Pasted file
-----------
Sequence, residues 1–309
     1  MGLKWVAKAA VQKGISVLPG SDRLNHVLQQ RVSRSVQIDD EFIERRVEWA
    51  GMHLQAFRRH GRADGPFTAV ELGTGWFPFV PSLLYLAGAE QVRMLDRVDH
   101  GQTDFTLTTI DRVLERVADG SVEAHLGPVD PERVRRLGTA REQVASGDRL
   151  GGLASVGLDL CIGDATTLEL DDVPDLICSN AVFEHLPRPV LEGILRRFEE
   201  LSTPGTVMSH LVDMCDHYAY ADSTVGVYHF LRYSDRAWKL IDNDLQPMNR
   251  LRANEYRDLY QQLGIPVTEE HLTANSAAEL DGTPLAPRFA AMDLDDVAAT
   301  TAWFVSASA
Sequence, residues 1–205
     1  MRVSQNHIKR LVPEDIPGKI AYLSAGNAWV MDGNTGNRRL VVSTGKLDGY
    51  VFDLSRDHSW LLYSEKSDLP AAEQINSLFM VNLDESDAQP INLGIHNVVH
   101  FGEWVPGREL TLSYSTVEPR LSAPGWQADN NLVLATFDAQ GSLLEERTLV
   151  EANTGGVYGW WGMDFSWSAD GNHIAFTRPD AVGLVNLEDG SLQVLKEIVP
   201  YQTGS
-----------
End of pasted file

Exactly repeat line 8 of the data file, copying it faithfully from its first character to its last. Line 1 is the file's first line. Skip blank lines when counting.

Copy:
   301  TAWFVSASA